During the 1950s Hemingway’s patronage of the Ritz would reach its peak. George Plimpton would meet Hemingway completely by chance at the hotel which would in turn lead to a notable feature in the Paris Review. A.E. Hotchner again would relay stories of his and Hemingway’s time at the Ritz during 1950 in the biography Papa Hemingway. Hemingway, Hotchner, and friends — many members of the Ritz staff — would form a betting syndicate and study racing form in the bar during the mornings. Bertin’s Bloody Marys would fuel their efforts (the heart of truth behind the Bloody Mary invention myth perhaps being revealed). Afternoons were spent at the track. The fun of the enterprise was taken so seriously that HemHotch Ltd. complete with printed business cards would eventually be formally incorporated.
According to an article by Hotchner published in the New York Times, Ernest and Hotchner were having lunch at the hotel in 1956 when Charles Ritz revealed that a trunk belonging to Hemingway that had been found in a storage room. According to the article the truck had been left there in 1930. Hemingway it is said opened the trunk which he had forgotten, in Charley’s office, to discover amongst other things two stacks of notebooks containing memories of his time in Paris in the 1920s. These notebooks would provide the core material that would become A Moveable Feast. Many understate this fact but it is an important part in the Ritz and Hemingway’s legacy — if it had not been for the Ritz then A Moveable Feast, that great paean to Paris, and one of Hemingway’s most loved works would likely never have been written.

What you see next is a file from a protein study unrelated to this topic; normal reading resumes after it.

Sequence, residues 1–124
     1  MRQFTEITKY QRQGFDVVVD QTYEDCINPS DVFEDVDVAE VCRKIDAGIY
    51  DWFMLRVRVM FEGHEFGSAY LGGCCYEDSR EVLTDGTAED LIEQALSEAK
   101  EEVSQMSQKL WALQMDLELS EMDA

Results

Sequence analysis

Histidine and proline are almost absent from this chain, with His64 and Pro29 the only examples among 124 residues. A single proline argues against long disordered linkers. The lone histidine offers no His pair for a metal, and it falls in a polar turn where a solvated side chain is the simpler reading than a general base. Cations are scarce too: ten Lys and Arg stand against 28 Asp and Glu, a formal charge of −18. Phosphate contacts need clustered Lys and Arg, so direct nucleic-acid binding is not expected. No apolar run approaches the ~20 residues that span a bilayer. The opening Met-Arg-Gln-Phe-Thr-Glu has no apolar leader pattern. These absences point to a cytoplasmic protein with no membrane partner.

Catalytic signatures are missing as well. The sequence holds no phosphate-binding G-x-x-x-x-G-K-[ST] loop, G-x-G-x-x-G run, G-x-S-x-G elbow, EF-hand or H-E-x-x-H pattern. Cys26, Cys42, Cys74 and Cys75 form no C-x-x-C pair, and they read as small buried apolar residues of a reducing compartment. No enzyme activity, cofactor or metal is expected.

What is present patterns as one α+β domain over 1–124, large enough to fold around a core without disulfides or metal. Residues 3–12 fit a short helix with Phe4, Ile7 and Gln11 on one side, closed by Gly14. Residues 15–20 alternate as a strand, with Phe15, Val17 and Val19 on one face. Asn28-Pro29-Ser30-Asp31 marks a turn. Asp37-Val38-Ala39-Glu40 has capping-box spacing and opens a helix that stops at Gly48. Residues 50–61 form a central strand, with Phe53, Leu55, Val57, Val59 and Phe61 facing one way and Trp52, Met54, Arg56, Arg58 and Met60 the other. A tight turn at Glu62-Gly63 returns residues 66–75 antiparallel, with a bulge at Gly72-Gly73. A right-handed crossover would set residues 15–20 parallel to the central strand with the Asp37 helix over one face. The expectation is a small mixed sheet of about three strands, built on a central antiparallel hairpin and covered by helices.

In Fishing Passion a memoir by angler Jim C. Chapralis, he recounts a tale of being invited by Charles to attend a special event at the Ritz. The event would turn out to be a celebration of the discovery of the trunk and the media event that surrounded it. Charles Ritz mention in the book was a result of he himself being an expert fly fisherman. He would publish a standard reference work on the subject in 1959 for which Hemingway would write the foreword. After Hemingways death in 1961, Charles looked to establish a new bar on the Vendôme side before himself sadly passing away in 1976. The Ritz would would lose direction until it was purchased by current owner Mohammed Al-Fayad. It was under Fayad that the Hemingway Bar would come into being and be formally named in 1994 – exactly fifty years after the famous liberation occurred. Under Colin Field’s efforts it would rapidly gain huge global acclaim so much so that it was expanded to it’s current size in 1998. Field would garnish women’s drinks with flowers, letters could be typed and posted on the aforementioned type-writers as a nod to its time as a correspondence room and a fishing rod would reside behind the bar – a testament to Hemingway and indeed Ritz too. Whilst the lustre and reputation of the bar grew, so the rest of the hotel unfortunately declined. It’s size and scale requiring significant investment to achieve magnificence. By 2012 the patina of immediate history was beginning to show and as a result the Ritz would be missed out of those venues awarded Palace status — a new status intended as highest grade in French hospitality — a damning blow to a venue that had been the a birthplace of modern hospitality a century before. Almost as a result, it was eventually announced that the hotel would close for a significant overhaul. The Ritz would eventually reopen anew in 2016 after a quite amazing refurbishment to reclaim its crown. The Hemingway Bar, to the relief of its many fans, was fortunately largely untouched. On the eve of the closure prior to the works commencing Hotchner — by then as much a personally appointed publicist of the Ritz and Hemingway as anything else — wrote a history for Vanity Fair. Heading the article is the following attributed to Hemingway which says: